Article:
Share |

Oct. 14, 2015

In Memoriam: Robert M. White (1923 - 2015)

Robert M. White, Former NAE PresidentRobert M. White – a member of the National Academy of Engineering and its president from 1983 to 1995 – has died at age 92. A meteorologist and alumnus of Harvard University and the Massachusetts Institute of Technology, White served as the first administrator of the National Oceanic and Atmospheric Administration from 1970 to 1977. Previously, he had led the U.S. Weather Bureau from 1963 to 1965, Environmental Science Services Administration from 1965 to 1970, and University Corporation for Atmospheric Research from 1980 to 1983. He also was the first chairman of the World Climate Conference in 1978.

The recipient of numerous prestigious awards, such as the Tyler Prize for Environmental Achievement and the Vannevar Bush Award, and honorary degrees, White more recently directed the Washington Advisory Group, a team of experienced administrators who advise on environment, energy, and climate change and the development and management of organizations and research programs. White was honored in 2014 by Congressman Frank R. Wolf for "groundbreaking contributions to the federal coordination of meteorology in the United States."

Share |

Oct. 12, 2015

NAS Member Wins Nobel in Economics

NAS member Angus DeatonThe 2015 Nobel in economic sciences was awarded to NAS member Angus Deaton "for his analysis of consumption, poverty, and welfare."

Share |

Oct. 8, 2015

Federal Truck Size and Weight Study Falls Short of Congressional Requirements, Says New Report

©Gunter Nezhoda/iStock/ThinkstockAlthough a U.S. Department of Transportation report on federal truck size and weight limits acknowledges gaps in addressing its legislative charge, a more comprehensive and useful response would have been possible, says a new letter report from the National Academies of Sciences, Engineering, and Medicine. The DOT's Comprehensive Truck Size & Weight Limits Study lacks a consistent and complete quantitative summary of the alternative configuration scenarios, and major categories of costs -- such as expected bridge structural costs, frequency of crashes, and infrastructure costs on certain roads -- are not estimated.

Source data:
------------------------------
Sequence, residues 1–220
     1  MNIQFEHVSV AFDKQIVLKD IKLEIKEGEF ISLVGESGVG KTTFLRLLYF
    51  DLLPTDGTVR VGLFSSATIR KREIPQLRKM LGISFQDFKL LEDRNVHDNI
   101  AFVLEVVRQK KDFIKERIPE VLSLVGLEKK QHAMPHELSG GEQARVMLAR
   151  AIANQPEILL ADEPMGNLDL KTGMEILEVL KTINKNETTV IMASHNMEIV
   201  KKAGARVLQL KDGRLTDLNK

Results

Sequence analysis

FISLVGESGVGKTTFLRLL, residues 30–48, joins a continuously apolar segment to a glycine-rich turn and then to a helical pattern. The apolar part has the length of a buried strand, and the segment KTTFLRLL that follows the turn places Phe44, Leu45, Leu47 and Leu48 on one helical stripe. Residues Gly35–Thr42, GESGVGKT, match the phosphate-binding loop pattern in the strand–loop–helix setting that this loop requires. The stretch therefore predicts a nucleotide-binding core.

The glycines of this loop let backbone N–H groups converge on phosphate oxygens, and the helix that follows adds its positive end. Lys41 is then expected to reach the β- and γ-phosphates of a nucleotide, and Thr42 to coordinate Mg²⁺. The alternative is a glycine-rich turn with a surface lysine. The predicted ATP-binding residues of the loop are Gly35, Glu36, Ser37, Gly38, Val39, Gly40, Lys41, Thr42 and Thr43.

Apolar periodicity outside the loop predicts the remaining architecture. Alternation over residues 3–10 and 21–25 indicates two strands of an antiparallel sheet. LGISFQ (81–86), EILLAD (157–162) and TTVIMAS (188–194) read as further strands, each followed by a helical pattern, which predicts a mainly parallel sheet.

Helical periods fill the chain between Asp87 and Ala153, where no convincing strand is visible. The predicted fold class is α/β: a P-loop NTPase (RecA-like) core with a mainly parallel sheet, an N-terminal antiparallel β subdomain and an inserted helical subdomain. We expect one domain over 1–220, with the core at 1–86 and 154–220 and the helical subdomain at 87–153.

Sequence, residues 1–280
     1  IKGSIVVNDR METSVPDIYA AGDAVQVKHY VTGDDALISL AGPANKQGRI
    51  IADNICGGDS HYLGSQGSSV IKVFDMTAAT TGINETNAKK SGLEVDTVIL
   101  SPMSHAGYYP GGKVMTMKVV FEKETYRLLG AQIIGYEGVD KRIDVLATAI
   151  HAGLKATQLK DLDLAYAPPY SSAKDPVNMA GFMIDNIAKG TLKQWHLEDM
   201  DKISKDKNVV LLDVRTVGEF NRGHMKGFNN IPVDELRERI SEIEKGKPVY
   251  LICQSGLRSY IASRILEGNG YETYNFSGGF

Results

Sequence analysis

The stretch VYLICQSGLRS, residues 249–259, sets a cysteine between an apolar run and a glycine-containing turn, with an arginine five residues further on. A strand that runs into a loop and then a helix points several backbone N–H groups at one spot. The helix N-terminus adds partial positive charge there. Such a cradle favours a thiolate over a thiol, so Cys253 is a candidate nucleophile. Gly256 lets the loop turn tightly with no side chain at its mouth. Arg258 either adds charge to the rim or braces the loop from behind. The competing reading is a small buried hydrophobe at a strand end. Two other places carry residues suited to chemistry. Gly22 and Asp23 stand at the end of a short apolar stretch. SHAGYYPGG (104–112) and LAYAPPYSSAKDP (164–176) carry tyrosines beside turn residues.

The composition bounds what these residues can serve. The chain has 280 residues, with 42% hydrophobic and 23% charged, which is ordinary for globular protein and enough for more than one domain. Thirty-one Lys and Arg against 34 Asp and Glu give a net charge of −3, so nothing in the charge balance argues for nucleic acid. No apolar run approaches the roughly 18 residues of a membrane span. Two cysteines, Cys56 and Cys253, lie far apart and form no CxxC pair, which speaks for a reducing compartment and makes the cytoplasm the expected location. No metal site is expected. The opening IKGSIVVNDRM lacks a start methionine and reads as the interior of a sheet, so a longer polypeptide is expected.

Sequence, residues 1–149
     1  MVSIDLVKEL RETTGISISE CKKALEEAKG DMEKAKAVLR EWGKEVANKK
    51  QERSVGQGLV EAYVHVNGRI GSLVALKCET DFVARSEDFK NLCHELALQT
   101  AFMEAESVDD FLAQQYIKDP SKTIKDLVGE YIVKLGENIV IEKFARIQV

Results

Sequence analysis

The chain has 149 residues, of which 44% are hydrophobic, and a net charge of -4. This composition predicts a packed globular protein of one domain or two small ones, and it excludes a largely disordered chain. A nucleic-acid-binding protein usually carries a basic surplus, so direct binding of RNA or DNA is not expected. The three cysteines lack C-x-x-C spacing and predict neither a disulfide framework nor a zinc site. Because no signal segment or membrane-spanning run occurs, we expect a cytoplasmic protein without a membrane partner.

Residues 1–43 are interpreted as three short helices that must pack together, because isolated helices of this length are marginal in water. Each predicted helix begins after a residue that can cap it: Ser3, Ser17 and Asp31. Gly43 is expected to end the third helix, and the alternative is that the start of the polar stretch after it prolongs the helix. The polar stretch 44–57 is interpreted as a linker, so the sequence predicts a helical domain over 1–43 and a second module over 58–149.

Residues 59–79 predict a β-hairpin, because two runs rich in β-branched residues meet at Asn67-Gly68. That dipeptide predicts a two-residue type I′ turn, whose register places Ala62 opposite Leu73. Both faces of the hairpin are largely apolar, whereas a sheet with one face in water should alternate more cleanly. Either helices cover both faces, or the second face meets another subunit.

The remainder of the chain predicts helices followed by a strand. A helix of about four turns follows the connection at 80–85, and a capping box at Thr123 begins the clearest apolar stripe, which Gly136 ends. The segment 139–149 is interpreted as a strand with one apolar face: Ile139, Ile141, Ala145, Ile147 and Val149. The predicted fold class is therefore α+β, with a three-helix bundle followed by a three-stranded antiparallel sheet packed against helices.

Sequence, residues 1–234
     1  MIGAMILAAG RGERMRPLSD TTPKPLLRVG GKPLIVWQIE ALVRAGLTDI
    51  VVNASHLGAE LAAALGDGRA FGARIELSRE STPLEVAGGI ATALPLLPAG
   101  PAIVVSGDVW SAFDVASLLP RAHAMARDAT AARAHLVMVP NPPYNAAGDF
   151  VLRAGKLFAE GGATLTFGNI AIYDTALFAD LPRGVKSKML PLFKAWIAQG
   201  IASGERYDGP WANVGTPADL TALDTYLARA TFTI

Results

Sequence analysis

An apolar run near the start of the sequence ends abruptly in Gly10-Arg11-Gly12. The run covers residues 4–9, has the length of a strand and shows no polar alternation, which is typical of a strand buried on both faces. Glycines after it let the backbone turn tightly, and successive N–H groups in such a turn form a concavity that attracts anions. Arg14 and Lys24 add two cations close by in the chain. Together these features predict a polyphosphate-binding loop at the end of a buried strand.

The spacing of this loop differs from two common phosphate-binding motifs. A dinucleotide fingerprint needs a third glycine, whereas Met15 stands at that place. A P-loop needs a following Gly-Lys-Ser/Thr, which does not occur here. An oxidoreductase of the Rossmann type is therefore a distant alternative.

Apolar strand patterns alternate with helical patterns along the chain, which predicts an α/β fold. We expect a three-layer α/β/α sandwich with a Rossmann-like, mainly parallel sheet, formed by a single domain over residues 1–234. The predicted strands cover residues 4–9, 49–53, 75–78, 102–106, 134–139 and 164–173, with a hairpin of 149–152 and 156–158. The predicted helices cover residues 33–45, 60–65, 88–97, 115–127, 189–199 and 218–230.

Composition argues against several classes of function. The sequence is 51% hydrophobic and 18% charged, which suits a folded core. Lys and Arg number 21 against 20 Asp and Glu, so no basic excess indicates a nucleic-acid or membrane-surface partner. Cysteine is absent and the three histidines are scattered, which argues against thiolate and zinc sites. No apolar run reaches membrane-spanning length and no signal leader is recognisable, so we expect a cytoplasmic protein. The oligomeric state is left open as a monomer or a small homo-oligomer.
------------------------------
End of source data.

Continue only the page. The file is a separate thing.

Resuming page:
Share |

Oct. 8, 2015

New Roundtable to Examine Unconventional Hydrocarbon Development

The National Academies of Sciences, Engineering, and Medicine announced today the launch of a new roundtable that will examine issues related to the development of U.S. stores of unconventional hydrocarbon resources such as shale oil and gas. Learn more about the roundtable and sign up to receive updates about its activities at

Share |

Oct. 7, 2015

Members Share 2015 Nobel in Chemistry

NAS/NAM member Paul Modrich and NAS member Aziz Sancar Paul Modrich, Aziz Sancar, and Tomas Lindahl have won the 2015 Nobel Prize in Chemistry "for mechanistic studies of DNA repair." Modrich is a member of the National Academy of Sciences and National Academy of Medicine, and Sancar is an NAS member.

Share |

Oct. 5, 2015

NAS Member and Foreign Associate Receive Nobel Prize in Medicine

NAS member William Campbell and NAS foreign associate Satoshi OmuraThe 2015 Nobel Prize in Physiology or Medicine was divided, one half jointly to NAS member William C. Campbell and foreign associate Satoshi Ōmura "for their discoveries concerning a novel therapy against infections caused by roundworm parasites" and the other half to Youyou Tu "for her discoveries concerning a novel therapy against malaria."

Share |

Oct. 2, 2015

National Academy of Engineering Annual Meeting Begins

National Academy of Engineering Annual Meeting BeginsOct. 2 – NAE members will gather on Oct. 4-5 in Washington, D.C., to congratulate new members and welcome distinguished speakers who will discuss this year’s annual meeting theme, the Grand Challenges for Engineering. Agenda | Learn More

Share |

Sept. 29, 2015

Airport X-ray Screening Systems Comply With Health and Safety Standards for Radiation Exposure